Robsta said:
Ah okay. So if E > V, then the second derivative is negative, which means the gradient is decreasing? I understand that if E > V everywhere, then the function is always "turning downwards" so will vanish at infinity and negative infinity. But if it only exceeds the minimum value at one point then the function could easily be non-normalizable, no?

I don't know whether you noticed that you dropped ##\psi## from the RHS of your equation. If ##E < V_{min}## then ##\forall x \ E < V(x)## and ##\forall x \ V(x) - E > 0## hence:

##\psi''(x) = K(x)\psi(x)## where ##K(x)## is always positive. Now, think about maxima and minima for ##\psi##

I'm not really sure what you've written there. If E<Vmin then then any turning point is a minimum and the function can't be normalised. But if E>Vmin at any point is the function necessarily normalisable? It doesn't strike me as such, it seems like there must be more conditions.

Robsta said:
I'm not really sure what you've written there. If E<Vmin then then any turning point is a minimum and the function can't be normalised. But if E>Vmin at any point is the function necessarily normalisable? It doesn't strike me as such, it seems like there must be more conditions.

You're forgetting about the sign of the function itself ##\psi(x)## can be +ve or -ve.

Right, yes I was. So what really needs to happen is that the wavefunction must tend to zero for large values. I think this entails the gradient going to 0 and the value going to 0 at large x. Looking at d2ψ/dx2 = (2m/ħ)(V(x) - E)ψ I can't really integrate the RHS because V(x) is generalised. Any thoughts? Assuming V<E always then for positive ψ then the gradient is decreasing with x which is good and for negative ψ it is increasing. But I really need to be able to say something about how the gradient varies with x, which I can't.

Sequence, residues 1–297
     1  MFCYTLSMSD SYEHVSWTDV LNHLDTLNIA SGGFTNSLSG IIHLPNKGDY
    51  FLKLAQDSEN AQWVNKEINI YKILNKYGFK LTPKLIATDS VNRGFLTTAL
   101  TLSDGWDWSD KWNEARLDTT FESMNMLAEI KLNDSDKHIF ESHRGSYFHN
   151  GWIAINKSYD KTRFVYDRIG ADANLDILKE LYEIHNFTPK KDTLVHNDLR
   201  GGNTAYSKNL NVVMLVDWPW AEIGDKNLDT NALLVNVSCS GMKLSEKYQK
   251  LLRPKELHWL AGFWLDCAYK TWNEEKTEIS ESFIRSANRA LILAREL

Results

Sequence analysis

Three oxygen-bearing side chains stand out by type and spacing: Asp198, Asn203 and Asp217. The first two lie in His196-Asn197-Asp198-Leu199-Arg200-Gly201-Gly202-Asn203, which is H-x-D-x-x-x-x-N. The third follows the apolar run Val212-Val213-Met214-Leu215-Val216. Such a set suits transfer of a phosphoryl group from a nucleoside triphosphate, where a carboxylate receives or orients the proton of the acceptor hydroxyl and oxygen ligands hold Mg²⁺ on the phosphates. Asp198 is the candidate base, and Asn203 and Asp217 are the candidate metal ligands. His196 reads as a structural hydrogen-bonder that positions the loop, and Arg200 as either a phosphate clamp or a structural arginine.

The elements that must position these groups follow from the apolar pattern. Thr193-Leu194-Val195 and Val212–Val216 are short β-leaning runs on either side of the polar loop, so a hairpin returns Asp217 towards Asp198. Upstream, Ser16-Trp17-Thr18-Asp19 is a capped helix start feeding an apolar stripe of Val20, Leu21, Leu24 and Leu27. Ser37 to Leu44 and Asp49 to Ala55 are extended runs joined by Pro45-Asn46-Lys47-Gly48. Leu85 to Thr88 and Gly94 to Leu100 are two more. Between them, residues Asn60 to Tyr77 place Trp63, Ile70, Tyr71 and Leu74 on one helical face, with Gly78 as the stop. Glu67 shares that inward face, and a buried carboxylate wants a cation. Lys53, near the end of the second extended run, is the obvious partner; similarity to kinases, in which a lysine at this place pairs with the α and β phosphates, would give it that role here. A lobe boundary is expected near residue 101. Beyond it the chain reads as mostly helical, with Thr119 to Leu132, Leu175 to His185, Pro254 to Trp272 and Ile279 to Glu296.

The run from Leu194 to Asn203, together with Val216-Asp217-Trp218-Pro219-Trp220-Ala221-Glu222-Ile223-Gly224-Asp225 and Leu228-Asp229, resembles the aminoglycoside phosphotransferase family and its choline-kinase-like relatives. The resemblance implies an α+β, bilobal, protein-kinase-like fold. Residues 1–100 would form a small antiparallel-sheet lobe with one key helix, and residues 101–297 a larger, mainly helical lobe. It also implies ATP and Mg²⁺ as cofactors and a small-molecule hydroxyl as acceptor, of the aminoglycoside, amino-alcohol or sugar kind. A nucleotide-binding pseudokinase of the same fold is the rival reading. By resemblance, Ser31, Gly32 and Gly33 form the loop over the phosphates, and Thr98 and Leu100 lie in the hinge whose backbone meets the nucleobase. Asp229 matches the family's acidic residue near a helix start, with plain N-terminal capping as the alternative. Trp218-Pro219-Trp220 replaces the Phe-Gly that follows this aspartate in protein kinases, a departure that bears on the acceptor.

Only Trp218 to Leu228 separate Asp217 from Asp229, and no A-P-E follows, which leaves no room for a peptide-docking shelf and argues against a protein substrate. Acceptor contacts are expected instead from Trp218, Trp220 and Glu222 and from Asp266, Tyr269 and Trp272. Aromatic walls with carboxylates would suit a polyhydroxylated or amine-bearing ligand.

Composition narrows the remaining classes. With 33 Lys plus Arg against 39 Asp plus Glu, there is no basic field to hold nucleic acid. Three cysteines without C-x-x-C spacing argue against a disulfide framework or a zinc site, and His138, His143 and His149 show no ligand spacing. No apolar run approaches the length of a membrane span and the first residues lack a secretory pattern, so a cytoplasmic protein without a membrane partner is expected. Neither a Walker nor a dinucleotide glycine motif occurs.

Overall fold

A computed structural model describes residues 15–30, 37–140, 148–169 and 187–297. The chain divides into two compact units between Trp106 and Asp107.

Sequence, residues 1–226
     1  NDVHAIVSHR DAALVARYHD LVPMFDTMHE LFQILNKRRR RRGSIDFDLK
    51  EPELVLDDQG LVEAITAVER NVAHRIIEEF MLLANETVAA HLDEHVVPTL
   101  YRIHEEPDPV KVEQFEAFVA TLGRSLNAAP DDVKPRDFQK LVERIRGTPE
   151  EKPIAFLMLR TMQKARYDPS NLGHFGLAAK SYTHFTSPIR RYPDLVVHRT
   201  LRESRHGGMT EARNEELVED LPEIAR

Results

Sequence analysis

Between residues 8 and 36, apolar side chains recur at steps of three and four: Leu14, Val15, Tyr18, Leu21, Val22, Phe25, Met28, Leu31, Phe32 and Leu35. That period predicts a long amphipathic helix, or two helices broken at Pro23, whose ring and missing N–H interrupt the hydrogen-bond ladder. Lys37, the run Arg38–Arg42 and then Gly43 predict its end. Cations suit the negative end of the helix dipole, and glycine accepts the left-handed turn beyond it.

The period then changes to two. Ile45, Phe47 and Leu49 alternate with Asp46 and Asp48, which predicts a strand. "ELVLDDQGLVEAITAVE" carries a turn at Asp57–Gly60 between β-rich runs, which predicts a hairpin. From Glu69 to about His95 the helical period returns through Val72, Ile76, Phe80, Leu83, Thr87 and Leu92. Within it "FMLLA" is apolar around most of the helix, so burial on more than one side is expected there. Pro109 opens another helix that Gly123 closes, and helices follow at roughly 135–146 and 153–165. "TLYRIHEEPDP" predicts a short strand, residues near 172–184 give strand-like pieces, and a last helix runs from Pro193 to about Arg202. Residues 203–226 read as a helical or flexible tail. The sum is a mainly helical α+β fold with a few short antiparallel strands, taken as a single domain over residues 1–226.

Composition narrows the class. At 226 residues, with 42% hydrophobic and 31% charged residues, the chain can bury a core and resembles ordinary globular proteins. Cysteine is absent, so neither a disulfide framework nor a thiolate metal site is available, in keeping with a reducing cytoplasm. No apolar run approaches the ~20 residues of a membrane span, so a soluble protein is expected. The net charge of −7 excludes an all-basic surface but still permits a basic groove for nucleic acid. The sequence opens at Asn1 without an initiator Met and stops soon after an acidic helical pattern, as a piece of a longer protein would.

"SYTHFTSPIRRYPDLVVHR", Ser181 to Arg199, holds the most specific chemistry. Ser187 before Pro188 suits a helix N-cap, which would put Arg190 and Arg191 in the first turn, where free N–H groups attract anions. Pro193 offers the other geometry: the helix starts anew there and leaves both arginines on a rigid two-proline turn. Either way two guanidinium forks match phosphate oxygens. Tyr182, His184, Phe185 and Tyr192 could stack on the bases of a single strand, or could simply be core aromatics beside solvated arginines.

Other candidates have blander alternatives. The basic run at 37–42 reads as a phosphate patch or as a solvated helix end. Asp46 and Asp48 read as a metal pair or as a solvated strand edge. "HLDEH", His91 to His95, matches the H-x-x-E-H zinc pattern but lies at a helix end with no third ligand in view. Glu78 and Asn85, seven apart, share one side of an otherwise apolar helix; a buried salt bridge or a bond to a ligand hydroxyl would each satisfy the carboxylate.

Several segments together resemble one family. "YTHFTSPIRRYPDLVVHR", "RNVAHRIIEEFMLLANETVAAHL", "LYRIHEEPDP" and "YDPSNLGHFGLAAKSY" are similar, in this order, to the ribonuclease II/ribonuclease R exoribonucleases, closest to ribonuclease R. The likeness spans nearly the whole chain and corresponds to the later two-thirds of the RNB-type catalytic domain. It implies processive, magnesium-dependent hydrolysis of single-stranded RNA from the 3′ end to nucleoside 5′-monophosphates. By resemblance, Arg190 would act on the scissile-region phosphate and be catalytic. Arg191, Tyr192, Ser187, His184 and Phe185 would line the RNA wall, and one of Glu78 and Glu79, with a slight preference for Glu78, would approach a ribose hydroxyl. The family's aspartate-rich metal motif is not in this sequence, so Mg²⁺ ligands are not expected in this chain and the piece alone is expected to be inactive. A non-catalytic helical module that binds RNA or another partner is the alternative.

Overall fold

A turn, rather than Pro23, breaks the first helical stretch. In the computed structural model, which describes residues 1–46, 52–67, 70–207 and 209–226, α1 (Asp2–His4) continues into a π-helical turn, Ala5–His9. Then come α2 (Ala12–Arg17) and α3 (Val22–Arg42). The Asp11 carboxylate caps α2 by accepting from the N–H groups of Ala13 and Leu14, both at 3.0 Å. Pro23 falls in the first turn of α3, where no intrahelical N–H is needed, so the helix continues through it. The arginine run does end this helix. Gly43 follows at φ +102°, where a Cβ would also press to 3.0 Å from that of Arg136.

I also don't know what this symbol means ∀ (you used it earlier).

Robsta said:
Right, yes I was. So what really needs to happen is that the wavefunction must tend to zero for large values. I think this entails the gradient going to 0 and the value going to 0 at large x. Looking at d2ψ/dx2 = (2m/ħ)(V(x) - E)ψ I can't really integrate the RHS because V(x) is generalised. Any thoughts? Assuming V<E always then for positive ψ then the gradient is decreasing with x which is good and for negative ψ it is increasing. But I really need to be able to say something about how the gradient varies with x, which I can't.

I also don't know what this symbol means ∀ (you used it earlier).

Robsta said:
Right, yes I was. So what really needs to happen is that the wavefunction must tend to zero for large values. I think this entails the gradient going to 0 and the value going to 0 at large x. Looking at d2ψ/dx2 = (2m/ħ)(V(x) - E)ψ I can't really integrate the RHS because V(x) is generalised. Any thoughts? For positive ψ then the gradient is decreasing with x which is good and for negative ψ it is increasing. But I really need to be able to say something about how the gradient varies with x, which I can't.